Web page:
[Elizabeth N. Moores]
 6-18- Prairie home of Mr Neely Tuesday morning June 18th
[Dear] friends we arrived here about dusk on friday. Merrill found & made himself familiar with nearly all of his Danville relatives. There he visited the coal mines, collected fossils, & made cascades among the brotherhood of rills that sing on the green high banks of the Big Vermillion. We left Danville Thursday afternoon at one or two o'clock - ate supper at Decatur and proceeded north to the pretty town of Bloomington where we arrived about dusk - next morning we were again in motion for Ferrestown where we arrived about three - there it was my intention to botanize north eastward a few miles and take all of Saturday to find Mr Neely - after walking about half a mile, we were overtaken
[in margin: I daily find Merrill more congenial. I wish he was older. Remember us to all friends. My love to all [illegible] with most cordial gratitude. J Muir]
by some farmers who lived near Mr Neely & as Merrill was very impatient to go on we rode with them & got to Mr. Neely's the same day! Merrill would not admit that he was tired but I know that this was too far to ride in one day; besides the farmer we spoke of lived two & half instead of one & a half miles from here & we had this to walk mostly after sunset I am very sorry Mrs Moores that I have caused you uneasiness about Merrills walking - after tiring out both Miss Catherine & Miss Nina, & leaving last Tuesday with perhaps a hasty step, you certainly had good apparent cause for the anxiety you felt and I am so unhappy as often to cause my friends similar unnecessary pain, but I am sure
that under these present circum- stances I could [illegible] the smallest signs of approaching fatigue & I would not over weary my precious charge for all the floral wealth that may ever bless me - I will hope that your fears concerning this matter will disappear We are quite well - Merrill is spending days of great activity and seems to be very happy now Saturday was sheep shearing day and he had full scope for exciting fun in catching the sheep his success however was not as full as he wished. I heard him complain that they were merinos whose matted wool would not admit his fingers for a good hold He fully maintains his character as a muddy boy - such confidence & easy gestured invasion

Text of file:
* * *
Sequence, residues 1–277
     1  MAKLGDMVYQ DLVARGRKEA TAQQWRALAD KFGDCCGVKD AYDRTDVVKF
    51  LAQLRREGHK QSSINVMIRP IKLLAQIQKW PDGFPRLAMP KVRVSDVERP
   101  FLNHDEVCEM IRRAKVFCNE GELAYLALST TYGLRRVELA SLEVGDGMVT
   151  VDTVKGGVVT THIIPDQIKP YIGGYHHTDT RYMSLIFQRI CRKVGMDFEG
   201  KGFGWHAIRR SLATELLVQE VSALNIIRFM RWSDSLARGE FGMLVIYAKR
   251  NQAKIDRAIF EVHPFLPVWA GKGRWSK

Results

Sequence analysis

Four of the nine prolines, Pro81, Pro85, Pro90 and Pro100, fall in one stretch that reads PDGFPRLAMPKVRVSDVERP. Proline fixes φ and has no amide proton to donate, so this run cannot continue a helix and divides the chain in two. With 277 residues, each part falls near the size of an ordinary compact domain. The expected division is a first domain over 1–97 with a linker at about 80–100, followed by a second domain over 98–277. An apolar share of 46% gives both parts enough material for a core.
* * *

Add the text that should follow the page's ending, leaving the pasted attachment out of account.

of ditches and slush-pools exceeds all I have ever seen - he disclaims however the remotest affinity for mud I hate mud says he but somehow I get into it Charles likes mud but manages to keep out of it - when speaking of his favorite cascade with its basin of crystal rock & moonlight in the spray I ventured to ask him how he would like to exchange the clear water of his cascade for an equal pouring volume of lobbering slobbering mud - he was quite indignant - "did not like mud- couldn't see why people thought so or teased him so" etc Since his visits to the Danville coal mines he is much interest -ed in the geology of coal fields and asks many questions con- cerning their age, composition, and history of formation. I am sorry to say that I cannot always furnish him with satisfactory answers For botany to be manifest as great or greater interest as could be looked for he analyzes several plants everyday with me - remembers their names and learns the use of as many descrip- tive words as can be expected among so many exciting sights & sounds
yesterday for noon I helped him to dam the meadow brook and to make a water wheel for it. My own days of juvenile mill wrighting came back with very full recollection After making a few suggestions I left him to plan my work for his spluttering wabbling wheel he might judge it capable of performing well, I was pleased to see how eagerly he set about his work. In the afternoon he planted a pole ten feet long in the mud opposite his new precious property, then tieing a tin cup to a thread twenty feet long he passed the end of it over the pole and attached it to the water wheel shaft, then starting his mill raised and lowered the cupful of water with a seriocomic motion exactly like that of the asending flag at your society Fourth of July
Towards night he complains that his thread was wearing out from too great friction, I suggested that a horses head which lay near might be stuck upon the pole, & that a stronger elevating string of horse hair would pass smoothly over its nose, Merrill thought it strange that a horses tail should pass over a horses head - remarked that it was a curious meeting of extremes, etc - all this last night & much now of a similar nature of nonsense, wit, & invention; but here is what I wanted to tell you when the wheel had wound up the cup to the top of the pole Merrill the Engineer dashed his joined hands into the falling stream & caused the water to shoot over instead of under the wheel thus reversing its motion and lowering the cup. I objected that this was a very imperfect re- versing [contrivance], & suggested levers that would be self acting. Since com- mencing this letter he burst into the room exclaiming with glowing Archimedean enthusiasm "Ive got it!" - dont need any levers! then followed an ardent des- cutition of the newborn reversing apparatus to be regulated by clock work hidden in the dam beyond the reach of meddlesome boys and said he I can make a larger one to pump water or elevate wheat & I can patent it & said he - his eyes twinkling & sparking "all inventors have trade marks and mine shall be a horses head on a pole with hair hanging from the holes where its eyes were"
[in margin: Merrill read your [letter] a few minutes ago I [hoped] to hear that you were better. Tell [Chas] [& Laura] & Katie that we often speak of them and will soon write to them.]
Muir, John, "Letter from John Muir to Elizabeth N. Moores, 1867 Jun 18" (1867). John Muir Correspondence (PDFs). 1244.
Reel 01, Image 1078
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